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Depression Management for Adolescents



is a medical condition that causes feelings of sadness or hopelessness that do not go away. Depression may cause you to lose interest in things you used to enjoy. These feelings may interfere with your daily life.

Common symptoms include the following:

  • Appetite changes, or weight gain or loss
  • Trouble going to sleep or staying asleep, or sleeping too much
  • Fatigue or lack of energy
  • Feeling restless, irritable, or withdrawn
  • Feeling worthless, hopeless, discouraged, or guilty
  • Trouble concentrating, remembering things, doing daily tasks, or making decisions
  • Thoughts of self-harm or suicide

Call your local emergency number (911 in the US), or ask someone to call if:

  • You think about harming yourself or another person.
  • You tell someone you want to harm yourself or another person.

Call your doctor or therapist if:

  • Your symptoms do not improve.
  • You have new or worsening symptoms.
  • You have questions or concerns about your condition or care.


Your healthcare provider will help you and your family develop a plan for your treatment. He or she will ask you to make plans for coping at home, school, and around friends. The plan may include an emergency contact in case you feel like hurting yourself or others. It may also include regular exercise, good nutrition, and any of the following:

  • Antidepressant medicine may be given to improve or balance your mood. You may need to take this medicine for several weeks before you begin to feel better. Tell your healthcare provider about any side effects or problems you have with your medicine. The type or amount of medicine may need to be changed.
  • Therapy can help you learn to cope with your thoughts and feelings. This can be done alone or in a group. It may also be done with family members. Therapy and antidepressant medicines are often used together to treat depression or prevent it from coming back later. Healthcare providers can help you find the kinds of medicine and therapy that work best for you.


  • Get regular physical activity. Try to get at least 1 hour of physical activity every day, such as going for a walk. Physical activity can improve depression and help you sleep better.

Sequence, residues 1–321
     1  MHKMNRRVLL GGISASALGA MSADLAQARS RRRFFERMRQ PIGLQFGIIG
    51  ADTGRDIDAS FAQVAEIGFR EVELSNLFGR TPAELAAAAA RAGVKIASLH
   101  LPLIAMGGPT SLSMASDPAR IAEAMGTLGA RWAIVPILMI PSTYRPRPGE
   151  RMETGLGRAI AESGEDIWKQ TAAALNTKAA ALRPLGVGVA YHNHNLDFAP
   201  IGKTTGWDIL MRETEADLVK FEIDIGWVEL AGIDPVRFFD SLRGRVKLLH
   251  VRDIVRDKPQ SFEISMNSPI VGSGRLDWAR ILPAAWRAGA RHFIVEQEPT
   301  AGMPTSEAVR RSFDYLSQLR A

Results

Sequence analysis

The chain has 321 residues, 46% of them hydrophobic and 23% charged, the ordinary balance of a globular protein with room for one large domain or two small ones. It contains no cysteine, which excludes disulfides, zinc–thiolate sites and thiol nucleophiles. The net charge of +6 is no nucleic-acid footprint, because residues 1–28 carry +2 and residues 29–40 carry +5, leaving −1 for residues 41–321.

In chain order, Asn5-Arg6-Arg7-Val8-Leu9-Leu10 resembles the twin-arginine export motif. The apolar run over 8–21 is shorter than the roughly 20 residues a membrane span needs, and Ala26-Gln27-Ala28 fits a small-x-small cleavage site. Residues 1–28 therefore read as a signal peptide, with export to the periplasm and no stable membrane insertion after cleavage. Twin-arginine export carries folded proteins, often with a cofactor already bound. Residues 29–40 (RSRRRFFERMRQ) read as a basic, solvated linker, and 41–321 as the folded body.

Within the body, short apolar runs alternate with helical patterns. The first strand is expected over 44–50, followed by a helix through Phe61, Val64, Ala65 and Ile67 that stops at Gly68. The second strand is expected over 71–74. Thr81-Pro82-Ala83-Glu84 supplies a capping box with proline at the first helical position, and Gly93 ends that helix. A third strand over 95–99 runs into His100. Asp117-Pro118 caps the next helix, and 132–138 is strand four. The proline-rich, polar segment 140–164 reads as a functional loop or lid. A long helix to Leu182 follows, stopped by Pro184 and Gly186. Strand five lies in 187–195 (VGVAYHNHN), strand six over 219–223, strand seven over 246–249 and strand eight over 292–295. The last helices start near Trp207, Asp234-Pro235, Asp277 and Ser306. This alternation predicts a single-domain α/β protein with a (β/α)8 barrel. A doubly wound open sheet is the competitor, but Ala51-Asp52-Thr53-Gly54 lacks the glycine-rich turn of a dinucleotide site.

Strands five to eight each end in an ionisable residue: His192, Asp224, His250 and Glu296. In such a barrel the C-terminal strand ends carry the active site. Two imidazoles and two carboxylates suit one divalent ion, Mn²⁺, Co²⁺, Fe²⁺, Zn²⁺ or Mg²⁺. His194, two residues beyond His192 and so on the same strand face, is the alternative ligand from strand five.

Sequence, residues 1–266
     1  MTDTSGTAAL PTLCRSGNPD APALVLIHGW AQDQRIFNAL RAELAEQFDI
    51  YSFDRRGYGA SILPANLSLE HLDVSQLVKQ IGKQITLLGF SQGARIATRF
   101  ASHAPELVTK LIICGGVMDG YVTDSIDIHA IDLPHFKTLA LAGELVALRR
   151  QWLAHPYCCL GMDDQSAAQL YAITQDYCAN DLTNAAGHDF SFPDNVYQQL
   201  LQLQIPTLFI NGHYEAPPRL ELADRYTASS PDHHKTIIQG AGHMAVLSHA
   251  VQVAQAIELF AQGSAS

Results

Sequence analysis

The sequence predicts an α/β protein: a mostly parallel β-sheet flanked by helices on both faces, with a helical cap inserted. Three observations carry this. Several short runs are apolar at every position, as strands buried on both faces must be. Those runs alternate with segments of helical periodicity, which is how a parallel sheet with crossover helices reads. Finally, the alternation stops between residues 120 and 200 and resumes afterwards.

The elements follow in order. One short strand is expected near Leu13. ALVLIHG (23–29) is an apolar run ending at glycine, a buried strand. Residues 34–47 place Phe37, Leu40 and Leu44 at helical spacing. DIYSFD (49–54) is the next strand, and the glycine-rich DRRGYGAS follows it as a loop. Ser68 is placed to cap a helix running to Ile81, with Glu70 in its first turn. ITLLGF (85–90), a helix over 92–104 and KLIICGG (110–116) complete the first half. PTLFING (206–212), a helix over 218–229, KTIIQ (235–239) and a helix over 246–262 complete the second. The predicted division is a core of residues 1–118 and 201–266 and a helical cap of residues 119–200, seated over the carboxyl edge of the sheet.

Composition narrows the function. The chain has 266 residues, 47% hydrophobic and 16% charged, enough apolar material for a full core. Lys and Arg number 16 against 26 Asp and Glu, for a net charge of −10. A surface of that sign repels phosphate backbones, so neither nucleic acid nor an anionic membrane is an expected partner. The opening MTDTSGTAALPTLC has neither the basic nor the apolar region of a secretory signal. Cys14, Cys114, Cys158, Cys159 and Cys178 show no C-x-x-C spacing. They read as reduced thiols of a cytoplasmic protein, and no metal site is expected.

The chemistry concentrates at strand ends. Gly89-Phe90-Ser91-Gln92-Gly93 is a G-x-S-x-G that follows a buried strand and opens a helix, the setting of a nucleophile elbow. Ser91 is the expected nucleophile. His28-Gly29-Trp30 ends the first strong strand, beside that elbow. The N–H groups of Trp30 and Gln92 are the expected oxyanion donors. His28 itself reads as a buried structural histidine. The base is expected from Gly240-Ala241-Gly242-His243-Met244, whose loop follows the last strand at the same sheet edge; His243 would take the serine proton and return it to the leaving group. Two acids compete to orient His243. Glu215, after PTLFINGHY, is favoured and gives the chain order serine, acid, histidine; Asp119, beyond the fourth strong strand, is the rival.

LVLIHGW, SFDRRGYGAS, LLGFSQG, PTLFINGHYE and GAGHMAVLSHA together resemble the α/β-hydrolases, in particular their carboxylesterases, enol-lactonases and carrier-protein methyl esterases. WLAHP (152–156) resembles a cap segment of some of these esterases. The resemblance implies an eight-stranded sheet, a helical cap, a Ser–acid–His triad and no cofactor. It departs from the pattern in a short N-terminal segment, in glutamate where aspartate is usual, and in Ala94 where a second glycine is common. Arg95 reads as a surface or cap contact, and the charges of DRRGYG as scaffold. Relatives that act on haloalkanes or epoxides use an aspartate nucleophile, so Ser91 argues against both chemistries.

Walking for Exercise
  • Get enough sleep. Create a routine to help you relax before bed. You can listen to music, read, or do yoga. Try to go to bed and wake up at the same time every day. Sleep is important for emotional health.
  • Eat a variety of healthy foods. Healthy foods include fruits, vegetables, whole-grain breads, low-fat dairy products, beans, lean meats, and fish. A healthy meal plan is low in fat, salt, and added sugar. Ask your healthcare provider for more information about a meal plan that is right for you.
  • Do not drink alcohol or use drugs. Alcohol and drugs can make your symptoms worse.

The following resources are available at any time to help you, if needed:

  • National Suicide Prevention Lifeline: 1-800-273-8255 (1-800-273-TALK)
  • Suicide Hotline: 1-800-784-2433 (1-800-SUICIDE)
  • For a list of international numbers:

Follow up with your therapist or doctor as directed:

Follow-up visits are a way for healthcare providers to learn if your depression is getting better. Providers will also monitor your medicine if you take antidepressants. Tell them if the medicine is helping and about any side effects or problems you are having. The type or amount of medicine may need to be changed. Write down your questions so you remember to ask them during your visits.

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The above information is an educational aid only. It is not intended as medical advice for individual conditions or treatments. Talk to your doctor, nurse or pharmacist before following any medical regimen to see if it is safe and effective for you.

Learn more about Depression Management for Adolescents (Ambulatory Care)

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Always consult your healthcare provider to ensure the information displayed on this page applies to your personal circumstances.